Peer Pressure vs. True Friends (Surviving Junior High)
by Dr. Orly Katz
Blurb (Taken from an email sent to me by the author):
“The book deals with everyday issues such as: self esteem, peer pressure Vs. true friend, body language intuition & leadership, positive thinking, and more…And include true life stories about growing up with tips, helpful rules, Illustrations, simple to do exercises and fun ‘test yourself’ questionnaires.”
This is a great book to help teenagers deal with all the pressures of life and school at that age. It is written to help children take control of their environment, to not be victims, to stand up for themselves, and to feel confident about themselves. It does say ages 12-16, but I would recommend that parents read it first to see where if their child is ready. The lessons that are taught in this book are so relevant and so needed today. Every student will benefit from reading this book. I love that it teaches teenagers how to say “no” to bad situations, and I also love how it helps kids learn and understand the consequences of some of their actions. Dr. Katz does have a chapter on the internet and how to use it properly, or what can happen if you use it improperly, and I think this one might be the most important. With the invention of the internet, bullying, spreading lies and rumors, and many other situations are so much worse than they were when I was a teenager. Now those lies can be spread to hundreds of people in a matter of seconds, and they will always be out there. Yes, that internet chapter is very important. I think this book is greatly needed today; it is a great resource for parents and teachers alike.
There are a couple of examples in this book that may make a few parents uncomfortable with their 12 year-old reading them. I have a soon-to-be seventh and eighth grader, and I thought a lot about it. In the end I decided that I probably will discuss the situations with them. I guess there is a lot of stuff out there and I’d rather them be prepared. I will not have them read the book alone, though, I will be reading and discussing it with them. One of these examples is of a girl who gets asked to prom and her date asks her which hotel she wants to stay at after. They would be spending the rest of the prom night together, alone, in the hotel room. The word is never used, and what they would actually be doing there is never discussed, but kids will know what she is talking about. (At first I did not want my sons reading this, but the more I thought about it, the more I decided that they probably should. The prom is not relevant to them yet, but I know that kids are being “intimate” at very young ages, so I do think it is a lesson that they should hear….very supervised though.) The other situation is when there is a pool party and a very well endowed girl has a huge wardrobe malfunction and her whole, large, breast comes out of her bathing suit for everyone to see. (I was really against my two sons reading this story at first, but we go to the public pool sometimes, and really, it could happen. The lesson taught with the story is very important, and I think it is probably good for them to think about what they would do in a situation like that before it happens.)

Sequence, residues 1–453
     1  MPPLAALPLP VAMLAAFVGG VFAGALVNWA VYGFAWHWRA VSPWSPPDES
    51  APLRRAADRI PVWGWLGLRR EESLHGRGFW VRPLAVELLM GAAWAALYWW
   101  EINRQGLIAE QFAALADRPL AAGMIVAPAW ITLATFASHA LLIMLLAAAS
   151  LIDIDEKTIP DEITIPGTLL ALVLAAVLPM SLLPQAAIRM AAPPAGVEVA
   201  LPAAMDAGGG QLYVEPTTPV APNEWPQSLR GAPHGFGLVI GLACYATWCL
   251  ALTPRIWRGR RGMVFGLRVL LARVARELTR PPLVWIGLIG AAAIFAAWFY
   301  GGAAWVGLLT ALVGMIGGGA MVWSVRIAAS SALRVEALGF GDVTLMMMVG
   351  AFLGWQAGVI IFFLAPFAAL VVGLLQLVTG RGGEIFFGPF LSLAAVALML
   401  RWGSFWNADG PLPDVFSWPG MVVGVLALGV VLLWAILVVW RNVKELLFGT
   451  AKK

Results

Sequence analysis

Overall, I think this is book has some valuable lessons in it that teenagers need to hear. It is well written; it is not condescending, but it is written on their level. I think kids will relate to her examples and her writing style. I recommend this book to all young adults.
Rating: PG+ (This book is clean, but discusses some very sensitive topics. “Intimacy” is discussed in a round-about way, and it does talk about a girl’s breast hanging out of her bathing suit.
Recommendation: Junior high and up. I do recommend that parents read and discuss it with their children.
Disclosure: I did receive a free copy of this book in exchange for my honest review.